A farsighted few began thinking about how to make reversible gates for a future breed of classical computers - gates that do not throw out information. Given the output, you know what the input must have been. A whole subfield called "reversible computing" has emerged in which circuits are designed, and sometimes constructed, that preserve every step of the computation. ...

The work is not all theoretical. A few energy-efficient experimental chips, made entirely from reversible components have been assembled. And some circuits have been incorporatied into laptop computers to save battery power."

Reversible computing includes both hardware and software technologies.

Search "reversible computing" on Google for more on this.

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I've not come across much at an application level but at the db level there are a class of databases called sensor networks. These are typically battery powered and in remote locations so power consumption is an important factor.

Sensor dbs are usually in a snooze mode and 'wake' when they need to collect data or when they transmit. Without reading the paper about them, this stuff seems very 'embedded' and I've no idea on metrics but I would guess power consumption would be higher when :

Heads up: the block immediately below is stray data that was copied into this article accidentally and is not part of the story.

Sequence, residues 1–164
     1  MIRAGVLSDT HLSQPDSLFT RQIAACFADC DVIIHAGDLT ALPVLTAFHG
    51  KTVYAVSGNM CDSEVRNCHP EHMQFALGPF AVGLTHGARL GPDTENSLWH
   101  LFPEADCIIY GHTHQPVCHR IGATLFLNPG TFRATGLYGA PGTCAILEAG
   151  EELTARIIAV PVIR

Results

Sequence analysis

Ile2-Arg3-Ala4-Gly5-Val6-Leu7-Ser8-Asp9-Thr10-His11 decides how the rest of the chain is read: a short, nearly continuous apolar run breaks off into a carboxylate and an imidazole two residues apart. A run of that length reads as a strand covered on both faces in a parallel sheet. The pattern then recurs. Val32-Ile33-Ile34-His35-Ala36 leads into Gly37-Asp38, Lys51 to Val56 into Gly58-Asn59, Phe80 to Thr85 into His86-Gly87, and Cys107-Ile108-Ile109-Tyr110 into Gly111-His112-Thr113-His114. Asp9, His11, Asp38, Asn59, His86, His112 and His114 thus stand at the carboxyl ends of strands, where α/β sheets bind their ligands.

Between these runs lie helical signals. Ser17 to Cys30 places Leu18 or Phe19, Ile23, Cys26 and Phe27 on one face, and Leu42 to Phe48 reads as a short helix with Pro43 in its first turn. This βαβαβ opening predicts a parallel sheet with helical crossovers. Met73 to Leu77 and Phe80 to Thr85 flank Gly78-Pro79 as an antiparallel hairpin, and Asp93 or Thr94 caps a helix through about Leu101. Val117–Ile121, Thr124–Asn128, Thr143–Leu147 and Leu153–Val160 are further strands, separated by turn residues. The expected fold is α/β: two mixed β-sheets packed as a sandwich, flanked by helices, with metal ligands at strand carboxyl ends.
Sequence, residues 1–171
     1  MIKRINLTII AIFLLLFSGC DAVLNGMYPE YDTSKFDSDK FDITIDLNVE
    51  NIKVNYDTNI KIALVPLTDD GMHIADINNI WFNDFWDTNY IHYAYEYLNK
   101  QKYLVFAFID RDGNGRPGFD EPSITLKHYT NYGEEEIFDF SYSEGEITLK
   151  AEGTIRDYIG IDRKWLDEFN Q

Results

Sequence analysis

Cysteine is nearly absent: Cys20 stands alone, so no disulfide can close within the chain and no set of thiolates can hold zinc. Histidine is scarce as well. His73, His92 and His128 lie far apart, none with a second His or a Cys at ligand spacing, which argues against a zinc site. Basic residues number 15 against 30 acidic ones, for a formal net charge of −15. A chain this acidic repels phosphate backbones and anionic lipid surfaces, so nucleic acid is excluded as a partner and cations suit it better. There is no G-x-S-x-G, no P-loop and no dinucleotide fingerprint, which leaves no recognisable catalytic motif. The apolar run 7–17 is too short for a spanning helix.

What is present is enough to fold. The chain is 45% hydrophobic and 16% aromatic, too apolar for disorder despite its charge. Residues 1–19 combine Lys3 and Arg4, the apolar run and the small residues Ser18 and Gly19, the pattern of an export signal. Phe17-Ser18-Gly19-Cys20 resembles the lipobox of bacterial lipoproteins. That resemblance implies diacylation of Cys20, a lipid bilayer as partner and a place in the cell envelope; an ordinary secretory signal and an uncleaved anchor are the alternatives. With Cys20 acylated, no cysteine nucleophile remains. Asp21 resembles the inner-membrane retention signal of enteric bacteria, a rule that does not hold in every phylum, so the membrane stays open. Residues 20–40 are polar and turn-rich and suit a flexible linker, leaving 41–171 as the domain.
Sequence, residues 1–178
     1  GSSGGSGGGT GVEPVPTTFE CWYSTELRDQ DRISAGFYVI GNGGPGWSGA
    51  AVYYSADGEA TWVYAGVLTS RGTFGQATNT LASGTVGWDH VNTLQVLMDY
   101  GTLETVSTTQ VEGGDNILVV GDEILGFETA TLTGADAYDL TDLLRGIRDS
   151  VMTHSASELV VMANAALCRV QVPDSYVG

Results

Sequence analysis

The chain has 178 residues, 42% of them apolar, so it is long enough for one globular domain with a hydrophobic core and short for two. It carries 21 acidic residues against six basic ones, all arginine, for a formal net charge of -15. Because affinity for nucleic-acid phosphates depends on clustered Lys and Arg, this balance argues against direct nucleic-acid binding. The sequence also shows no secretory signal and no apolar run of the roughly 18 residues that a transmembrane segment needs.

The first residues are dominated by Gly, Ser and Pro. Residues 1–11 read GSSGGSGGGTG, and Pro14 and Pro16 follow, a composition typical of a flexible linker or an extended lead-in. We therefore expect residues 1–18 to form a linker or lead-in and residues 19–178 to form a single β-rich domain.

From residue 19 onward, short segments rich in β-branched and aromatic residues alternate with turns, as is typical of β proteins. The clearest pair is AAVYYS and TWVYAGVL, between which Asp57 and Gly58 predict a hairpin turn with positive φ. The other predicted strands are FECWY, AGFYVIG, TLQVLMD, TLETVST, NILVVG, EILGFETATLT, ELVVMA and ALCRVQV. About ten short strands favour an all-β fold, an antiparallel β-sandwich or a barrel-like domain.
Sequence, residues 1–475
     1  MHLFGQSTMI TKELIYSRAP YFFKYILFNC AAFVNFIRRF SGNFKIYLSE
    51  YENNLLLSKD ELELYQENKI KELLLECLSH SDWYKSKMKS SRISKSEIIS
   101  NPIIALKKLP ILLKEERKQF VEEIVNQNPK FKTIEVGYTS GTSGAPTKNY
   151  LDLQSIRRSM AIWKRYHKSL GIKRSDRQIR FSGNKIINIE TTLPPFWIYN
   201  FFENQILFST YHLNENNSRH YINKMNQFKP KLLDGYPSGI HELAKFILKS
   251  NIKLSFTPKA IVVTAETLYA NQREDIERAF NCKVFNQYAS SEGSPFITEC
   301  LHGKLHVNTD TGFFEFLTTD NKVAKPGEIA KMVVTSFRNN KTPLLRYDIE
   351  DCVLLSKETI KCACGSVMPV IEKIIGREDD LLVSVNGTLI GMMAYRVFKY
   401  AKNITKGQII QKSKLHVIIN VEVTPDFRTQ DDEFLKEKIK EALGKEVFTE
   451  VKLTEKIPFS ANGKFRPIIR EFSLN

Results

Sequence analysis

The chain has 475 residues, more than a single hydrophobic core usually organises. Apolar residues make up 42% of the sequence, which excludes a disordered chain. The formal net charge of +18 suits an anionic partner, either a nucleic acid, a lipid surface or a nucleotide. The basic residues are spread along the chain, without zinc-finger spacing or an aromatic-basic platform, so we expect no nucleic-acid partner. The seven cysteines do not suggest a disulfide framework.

1. thrashing the hard drive
  2. doing heavy mathematical calculations
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Aside from the absurd solution where you just don't compute (and therefore you don't need the electricity...)

The aim is simply to do the most work with the least amount of energy. Outside of the hardware realm (which you just lower the voltage and frequency), you just have to make sure the work could be done in the least amount of actual execution time.

This is probably a pain to measure because of OoO Execution, etc etc.

I wouldn't lose sleep over it, as long as you use efficient algorithms and such, and not bloat your code unnecessarily.

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Don't open your computer ;)

If you need to open your computer, don't send spam mail :O

If you need to send an email, you must be use plain text. Don't use the HTML format and pictures.

Don't browse rich web site :P (Like as this site.)

Joke, joke...

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Set up your IDE to show a black background rather than white. This will give you extra battery time on a laptop. OS X users can actually invert the entire OS's colours (black <-> white) by pressing CTRL+ALT+SHIFT+COMMAND+SPACE+BACKSPACE+INSERT+8 (or something like that).

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That isn't true anymore (it used to be). Now the big driver for screen power consumption is the backlight behind the display itself. That runs at full regardless of what color the pixel is. Black may even use more juice, since you need more physical particles in the pixel to fully obscure it. –  Joel Coehoorn Jan 12 '09 at 21:01

Develop on VIM with a black background. Build your apps to have dark backgrounds.

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See my comment to the previous answer: black isn't more power efficient any more with modern displays. –  Joel Coehoorn Jan 12 '09 at 21:47
It is or will be soon. With OLED matrix white screen consumes more than black. –  Free Consulting Nov 6 '10 at 5:18